I was lucky. Although I grew up in the city, I spent weekends, holidays, and sum-mers at the Michigan family farm where my father was raised. This changes how you view nature and our place in it as you spend time close to the earth. Meat was not anonymous red matter on white Styrofoam and wrapped in plastic. It was the calf I fed from birth and then suddenly missed the next visit. Produce did not spontaneously appear in groceries but was planted in the 160 acres and prayed over—green beans, corn, wheat, oats, beets, Northern white beans, and the rest.
On Sunday we celebrate an Environmental Sabbath. Superstorm Sandy taught us how sensitive our coastal Connecticut ecosystem is, linked to an encircling biosphere. Now into the summer, we are more in touch with nature all around us.
Environmentalists have blamed Christianity for our ecological crisis. They argue the Genesis text (1.26) that gave humans dominion over the earth has led direct-ly to our exploitation. The accusation is a distortion of biblical theology. But it has a kernel of truth. For we Christians have been as co-opted and led along as any-one else in the fouling of streams and rivers as well as the polluting of the skies. Just now the church does well to rethink some basic assumptions about nature.
Perhaps we could begin by noticing and not neglecting the inherent connection of all things. Jesus said that not a sparrow falls from the sky without the heavenly Father’s awareness. Is it possible to build whole economies as aware as that? The reign of God is one such economy. And it is the job of those who people that kingdom—the church of Jesus Christ—to make such an economy intelligible.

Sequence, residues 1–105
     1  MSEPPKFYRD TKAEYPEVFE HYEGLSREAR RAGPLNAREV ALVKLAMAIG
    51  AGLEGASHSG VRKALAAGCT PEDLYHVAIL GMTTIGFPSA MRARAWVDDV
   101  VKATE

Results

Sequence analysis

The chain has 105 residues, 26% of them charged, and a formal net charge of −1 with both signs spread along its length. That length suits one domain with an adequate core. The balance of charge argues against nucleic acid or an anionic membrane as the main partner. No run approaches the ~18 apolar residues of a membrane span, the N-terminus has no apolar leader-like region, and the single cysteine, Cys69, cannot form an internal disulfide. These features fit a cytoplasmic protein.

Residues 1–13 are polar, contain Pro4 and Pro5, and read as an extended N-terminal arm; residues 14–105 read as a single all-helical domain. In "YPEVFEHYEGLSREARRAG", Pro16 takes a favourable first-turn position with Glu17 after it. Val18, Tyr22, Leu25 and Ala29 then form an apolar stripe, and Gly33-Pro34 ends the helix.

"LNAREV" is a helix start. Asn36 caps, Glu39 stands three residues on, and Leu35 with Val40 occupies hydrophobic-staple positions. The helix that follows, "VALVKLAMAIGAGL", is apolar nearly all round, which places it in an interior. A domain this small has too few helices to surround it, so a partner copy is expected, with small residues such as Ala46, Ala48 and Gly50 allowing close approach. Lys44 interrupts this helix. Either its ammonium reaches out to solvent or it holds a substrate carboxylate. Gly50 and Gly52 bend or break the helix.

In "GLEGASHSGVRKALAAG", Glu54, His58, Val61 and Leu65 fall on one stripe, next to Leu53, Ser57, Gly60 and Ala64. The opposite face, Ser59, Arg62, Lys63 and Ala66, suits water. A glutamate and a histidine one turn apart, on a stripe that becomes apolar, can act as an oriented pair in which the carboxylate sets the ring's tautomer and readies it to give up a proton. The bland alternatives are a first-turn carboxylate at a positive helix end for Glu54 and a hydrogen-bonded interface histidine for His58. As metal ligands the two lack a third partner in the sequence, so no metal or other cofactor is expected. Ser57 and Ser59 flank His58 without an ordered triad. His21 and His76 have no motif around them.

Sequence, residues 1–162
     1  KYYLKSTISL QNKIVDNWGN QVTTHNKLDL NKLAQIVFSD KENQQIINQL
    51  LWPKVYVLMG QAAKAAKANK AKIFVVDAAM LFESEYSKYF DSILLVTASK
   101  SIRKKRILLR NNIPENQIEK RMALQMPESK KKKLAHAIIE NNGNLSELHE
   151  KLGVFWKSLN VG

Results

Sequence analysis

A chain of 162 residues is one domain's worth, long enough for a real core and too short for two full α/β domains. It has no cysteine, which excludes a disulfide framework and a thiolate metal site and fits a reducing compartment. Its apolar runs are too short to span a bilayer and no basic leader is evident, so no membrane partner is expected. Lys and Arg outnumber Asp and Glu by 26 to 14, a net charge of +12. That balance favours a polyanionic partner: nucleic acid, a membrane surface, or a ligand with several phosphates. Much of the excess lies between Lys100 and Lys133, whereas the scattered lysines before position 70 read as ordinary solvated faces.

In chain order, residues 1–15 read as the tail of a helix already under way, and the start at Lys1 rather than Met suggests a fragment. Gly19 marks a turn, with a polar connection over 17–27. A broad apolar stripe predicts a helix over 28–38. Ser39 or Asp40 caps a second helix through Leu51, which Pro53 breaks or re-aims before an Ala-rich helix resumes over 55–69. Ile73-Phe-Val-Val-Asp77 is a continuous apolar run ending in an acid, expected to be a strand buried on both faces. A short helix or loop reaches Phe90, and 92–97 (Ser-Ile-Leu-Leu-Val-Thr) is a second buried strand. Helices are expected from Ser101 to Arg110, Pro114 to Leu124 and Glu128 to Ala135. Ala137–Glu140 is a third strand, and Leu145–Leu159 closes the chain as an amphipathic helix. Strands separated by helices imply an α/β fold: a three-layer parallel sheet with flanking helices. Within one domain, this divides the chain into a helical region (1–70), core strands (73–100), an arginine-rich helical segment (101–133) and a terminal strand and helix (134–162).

We have an opportunity to remind the world that creation is God’s living creature.
If we could reenact in worship and carry with us into the world that our true end in life is to worship and glorify God, even more than increasing production goals by always inventing new “needs”, we could help renew the biosphere all around us.
At the same time, we resist feeding into the nature-worship mentality, too often identified with environmental awareness, mocked by terms like “tree-hugger.” Creation is not valuable as some god-in-itself, but because it is the glory of God, and deserves our careful respect and thoughtful stewardship as a gift from God.
Can we notice the inherent connection of all living things? That is what Francis of Assisi did. St. Francis understood that whether it was a bunch of peasants or a bunch of flowers, all creation is essentially in the same business: praising and serving God. This means as we come to see other living things—from trees to waterfalls—we should also see our shared vocation. As we see a clear-cut or a strip-mine, the voice of creation has been damaged and badly needs restoration.
We have a baptism this Sunday (remember clean water, above all!) as well as laypersons who will speak from their perspectives to children and adults alike.